Plasma TG levels also decrease with weight loss (6). Although they increase in response to short-term consumption of a VLF, high-CHO diet (29), the type of CHO consumed must be considered. High-fiber foods, including vegetables and legumes, do not lead to hypertriglyceridemia (30), and may easily be incorporated into moderate-fat, balanced nutrient reduction diets to help normalize plasma TG levels.
Energy restriction, independent of diet composition, improves glycemic control (21,22,31–33). As body weight decreases, so does blood insulin and plasma leptin levels (21,34).
Blood pressure decreases with weight loss, independent of diet composition (6,22,26). However, the DASH diet, high in fruits, vegetables, and low-fat dairy products effectively lowers blood pressure (35).
Evidence Statement: High-fat, low-CHO diets result in ketosis. Evidence Category B.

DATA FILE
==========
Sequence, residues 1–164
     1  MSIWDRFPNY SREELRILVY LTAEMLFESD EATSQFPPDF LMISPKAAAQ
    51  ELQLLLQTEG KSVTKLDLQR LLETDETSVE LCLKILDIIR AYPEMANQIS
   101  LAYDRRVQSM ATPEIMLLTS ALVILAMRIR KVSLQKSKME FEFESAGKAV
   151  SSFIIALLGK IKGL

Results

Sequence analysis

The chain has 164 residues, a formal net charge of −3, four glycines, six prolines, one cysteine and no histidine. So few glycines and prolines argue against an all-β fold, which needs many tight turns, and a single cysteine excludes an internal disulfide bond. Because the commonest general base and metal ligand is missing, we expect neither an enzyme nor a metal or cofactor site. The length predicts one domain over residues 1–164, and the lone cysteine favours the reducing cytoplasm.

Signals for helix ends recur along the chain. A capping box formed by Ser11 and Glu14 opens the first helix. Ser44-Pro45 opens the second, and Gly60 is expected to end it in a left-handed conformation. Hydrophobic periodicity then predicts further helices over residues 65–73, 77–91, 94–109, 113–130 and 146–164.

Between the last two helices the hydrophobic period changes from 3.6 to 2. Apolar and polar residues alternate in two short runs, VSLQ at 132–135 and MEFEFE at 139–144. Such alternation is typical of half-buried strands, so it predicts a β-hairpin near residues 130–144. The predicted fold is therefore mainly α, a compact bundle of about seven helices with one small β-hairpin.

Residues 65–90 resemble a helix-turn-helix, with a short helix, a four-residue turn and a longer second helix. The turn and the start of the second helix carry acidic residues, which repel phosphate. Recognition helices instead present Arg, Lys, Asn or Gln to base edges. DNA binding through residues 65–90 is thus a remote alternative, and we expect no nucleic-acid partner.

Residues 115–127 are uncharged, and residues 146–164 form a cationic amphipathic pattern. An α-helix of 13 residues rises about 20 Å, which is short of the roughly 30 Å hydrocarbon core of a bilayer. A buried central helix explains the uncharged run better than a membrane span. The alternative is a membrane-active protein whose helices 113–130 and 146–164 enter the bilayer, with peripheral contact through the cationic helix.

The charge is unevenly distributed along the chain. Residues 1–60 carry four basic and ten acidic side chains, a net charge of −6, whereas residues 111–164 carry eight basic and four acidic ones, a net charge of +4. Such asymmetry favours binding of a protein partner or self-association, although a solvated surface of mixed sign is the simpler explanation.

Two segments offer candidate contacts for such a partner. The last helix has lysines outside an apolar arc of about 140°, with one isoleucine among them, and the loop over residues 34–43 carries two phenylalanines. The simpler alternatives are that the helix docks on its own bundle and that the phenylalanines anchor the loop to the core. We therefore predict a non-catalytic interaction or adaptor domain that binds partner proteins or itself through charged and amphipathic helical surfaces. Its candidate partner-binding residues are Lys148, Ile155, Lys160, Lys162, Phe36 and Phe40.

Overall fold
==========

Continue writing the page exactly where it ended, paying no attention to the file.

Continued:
Evidence Statement: Metabolic profiles are improved with energy restriction and weight loss. Evidence Category A.
Evidence Statement: Low-CHO diets that result in weight loss may also result in decreased blood lipid levels, decreased blood glucose and insulin levels, and decreased blood pressure. Evidence Category C.
Evidence Statement: Low-fat and very low-fat diets reduce LDL-cholesterol, and may also decrease plasma TG levels, depending on diet composition. Evidence Category B.
Evidence Statement: Moderate-fat, balanced nutrient reduction diets reduce LDL-cholesterol, normalize the ratio of HDL/TC, and normalize plasma TGs. Evidence Category A.
Hunger and Compliance